The Instigator
Pro (for)
0 Points
The Contender
Con (against)
9 Points

Humans are selfish by nature, and always do what is in their own best intrest.

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Post Voting Period
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after 2 votes the winner is...
Voting Style: Open Point System: 7 Point
Started: 12/9/2013 Category: Philosophy
Updated: 2 years ago Status: Post Voting Period
Viewed: 786 times Debate No: 42011
Debate Rounds (3)
Comments (5)
Votes (2)




I would first like to apologize in advance to any readers or opponents for any faults I make regarding conduct in this debate as this is my very first, and I am not well educated in the customs of debate.
I thought this might be an interesting topic, just how selfish are people? I would argue that virtually every action we take as humans is primarily for self advancement. I propose that without fail, humans do what is in our own best interest.


I accept based on the resolution.
Debate Round No. 1


You accept? I thought the point is for you to reject my position?


My adversary has taken an impossible stance.

The first part of the resolution entails that

"Humans are selfish by nature"

That much we can all agree one, even in regards to evolution and adaption this is true. It is survival of the fittest and generally we are motivated to do what benefits us. The flaw with resolution is what follows this.

"and always do what is in their own best interest"

This is where Pros resolution falls apart. If there has even been or could be a situation in where someone does something that is not in their own best interest then the resolution is false. Needless to say there has been and always will be situations where people will do things that are not in their own best interest.

People die to protect each other all the time, people give money when they don't have it to charities, people give up their lives to go over seas to do charity work. Any of these situations can not be in someones best interest. Anytime someone gives money they do not have to help another person, this is a direct negation of the resolution.

For now I do not feel the need to bring up specific examples because there is countless examples to support this. The point is pros resolution can not hold true. People can and will do things that are not in their best interest, which conflicts with his resolution.
Debate Round No. 2


I will choose not to take offense to the fact that you felt no need to bring specific examples to disprove me. But I encourage you to broaden your mind, because although difficult, I do not see this as "an impossible stance".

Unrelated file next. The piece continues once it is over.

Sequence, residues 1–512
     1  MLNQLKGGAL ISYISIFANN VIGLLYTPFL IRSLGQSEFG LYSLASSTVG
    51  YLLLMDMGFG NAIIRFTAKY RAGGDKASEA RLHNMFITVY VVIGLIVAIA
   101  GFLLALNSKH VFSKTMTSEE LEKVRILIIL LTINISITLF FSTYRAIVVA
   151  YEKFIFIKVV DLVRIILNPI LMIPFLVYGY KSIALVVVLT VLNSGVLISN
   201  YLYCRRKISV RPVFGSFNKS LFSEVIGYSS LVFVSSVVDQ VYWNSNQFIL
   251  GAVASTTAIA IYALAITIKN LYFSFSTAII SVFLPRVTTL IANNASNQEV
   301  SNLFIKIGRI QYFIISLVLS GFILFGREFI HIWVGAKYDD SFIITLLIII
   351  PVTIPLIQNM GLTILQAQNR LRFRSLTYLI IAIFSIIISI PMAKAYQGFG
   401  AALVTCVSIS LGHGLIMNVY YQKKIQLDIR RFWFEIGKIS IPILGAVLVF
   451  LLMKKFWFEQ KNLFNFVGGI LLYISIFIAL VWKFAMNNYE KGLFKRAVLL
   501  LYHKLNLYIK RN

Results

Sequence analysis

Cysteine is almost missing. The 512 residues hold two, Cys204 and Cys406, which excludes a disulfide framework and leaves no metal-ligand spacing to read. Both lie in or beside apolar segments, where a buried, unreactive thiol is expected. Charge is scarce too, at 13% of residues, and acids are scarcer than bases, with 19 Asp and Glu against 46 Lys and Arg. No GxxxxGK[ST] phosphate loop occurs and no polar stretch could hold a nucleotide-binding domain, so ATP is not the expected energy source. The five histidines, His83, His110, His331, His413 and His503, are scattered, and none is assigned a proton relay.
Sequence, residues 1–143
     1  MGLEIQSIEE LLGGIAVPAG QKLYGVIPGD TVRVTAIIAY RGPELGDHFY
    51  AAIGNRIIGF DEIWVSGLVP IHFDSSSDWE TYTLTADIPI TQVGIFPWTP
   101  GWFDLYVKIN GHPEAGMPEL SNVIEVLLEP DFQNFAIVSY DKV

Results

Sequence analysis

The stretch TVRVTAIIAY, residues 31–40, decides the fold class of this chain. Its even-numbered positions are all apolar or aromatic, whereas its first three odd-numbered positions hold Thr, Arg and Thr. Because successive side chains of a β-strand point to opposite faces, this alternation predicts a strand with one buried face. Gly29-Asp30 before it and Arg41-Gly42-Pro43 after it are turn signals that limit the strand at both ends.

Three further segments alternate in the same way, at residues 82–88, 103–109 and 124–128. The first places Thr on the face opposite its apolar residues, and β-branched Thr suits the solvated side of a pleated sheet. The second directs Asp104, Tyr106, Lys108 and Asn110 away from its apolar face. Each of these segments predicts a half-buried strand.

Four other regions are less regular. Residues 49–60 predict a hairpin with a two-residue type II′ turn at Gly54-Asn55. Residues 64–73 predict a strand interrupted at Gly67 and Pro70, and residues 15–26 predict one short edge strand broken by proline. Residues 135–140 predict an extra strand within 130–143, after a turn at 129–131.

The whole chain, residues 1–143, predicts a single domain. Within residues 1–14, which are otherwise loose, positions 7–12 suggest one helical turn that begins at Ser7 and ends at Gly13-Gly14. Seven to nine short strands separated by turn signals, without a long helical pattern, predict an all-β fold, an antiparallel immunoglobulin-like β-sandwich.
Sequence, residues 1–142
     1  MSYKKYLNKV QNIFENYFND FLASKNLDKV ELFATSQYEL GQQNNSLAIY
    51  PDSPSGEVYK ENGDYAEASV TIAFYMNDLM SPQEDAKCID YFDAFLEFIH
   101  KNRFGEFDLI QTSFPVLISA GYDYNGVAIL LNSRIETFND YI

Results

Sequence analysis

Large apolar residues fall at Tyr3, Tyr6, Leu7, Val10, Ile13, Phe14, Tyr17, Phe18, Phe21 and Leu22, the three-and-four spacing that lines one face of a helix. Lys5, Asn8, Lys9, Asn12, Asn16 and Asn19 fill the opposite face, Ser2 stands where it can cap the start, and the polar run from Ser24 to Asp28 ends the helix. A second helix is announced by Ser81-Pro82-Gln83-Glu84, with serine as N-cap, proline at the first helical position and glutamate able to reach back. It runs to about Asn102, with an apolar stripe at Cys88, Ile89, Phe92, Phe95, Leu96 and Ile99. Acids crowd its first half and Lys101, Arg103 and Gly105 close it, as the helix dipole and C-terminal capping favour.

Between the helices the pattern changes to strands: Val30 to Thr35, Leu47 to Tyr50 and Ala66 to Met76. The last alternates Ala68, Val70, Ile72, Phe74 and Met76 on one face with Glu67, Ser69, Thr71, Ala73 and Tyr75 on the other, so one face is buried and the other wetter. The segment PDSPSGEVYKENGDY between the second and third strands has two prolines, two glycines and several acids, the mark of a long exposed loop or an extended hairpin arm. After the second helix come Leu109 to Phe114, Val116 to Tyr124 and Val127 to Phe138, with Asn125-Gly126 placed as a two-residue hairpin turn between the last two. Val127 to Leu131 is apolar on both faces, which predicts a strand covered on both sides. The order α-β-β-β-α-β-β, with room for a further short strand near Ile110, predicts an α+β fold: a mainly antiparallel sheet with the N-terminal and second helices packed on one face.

Your assertion that sacrifice and charity "can not be in someone's best interest" is false. This shows a short sided and narrow view on "best interest". Yes, we do give to charity for our own best interest. I'll reference Maslow's hierarchy of needs, which is a psychological hierarchy that displays the motives of human beings, usually manifested in a pyramid. At the lower levels there is food, shelter, sex, employment, etc. I believe this is what you think of when you say "best interest". However I am alluding to the higher levels of the pyramid, where we see more evolved needs like morality. From this, we know that humans, once basic living functions are secured, have a need to satisfy themselves morally. Hence, we don't give to charity for the benefit of others, we do it because it makes us feel good about ourselves.

First off, " People die to protect each other all the time" is a huge exaggeration. There are roughly seven billion people on Earth, and they are not dying for each other all the time. It happens, but it is rare. As for when it does happen, I propose that these sacrifices are made with themselves in mind. Take a soldier who would jump in front of a bullet for his comrade, very noble, extremely admirable, but not entirely selfless. That soldier has been conditioned to believe that if he dies saving somebody else, he will be remembered as a hero. This follows Maslow's hierarchy of needs, the person willing to sacrifice their life is not just doing so to save the person, they are doing it to secure their legacy as a hero, to fulfill their need to be respected, so they do the respectable thing.

Why do people donate money they don't have and travel to volunteer and risk their lives to save others and all those other seemingly selfless sacrifices? Because they are following Maslow's hierarchy of needs, because they are fulfilling their need to do the right thing, because they are fulfilling their need to secure a legacy, to be respected by their peers, to be admired by society. These reasons are also endless, but to simplify, we do it to make us feel good.

I'm glad you acknowledge that evolutionarily we are selfish, but this is obvious. I encourage you to rethink our true motives though, you can see it every day. See a jerk of a guy help pick up a "nerd's" books when he dropped them, seems selfless? No, because he knew his crush was watching. This is an example where a seemingly selfless act is actually selfish. Now just imagine that same illusion but on a much grander, evolutionary, species-wide scale.

My point is that our selfish nature runs so much deeper than tangible items like money. Our nature is so much deeper that we have developed higher needs, needs that are more complex than others so they are often misunderstood. Misunderstood as selfless values, when in reality they are just as selfish as any others.


This is an impossible stance no matter how you look at it. When you say something is "always" one way, that is an impossible burden to fulfill.

I am picking up one main contention from you. That is that every action we commit is ultimately fueled by our own self interests.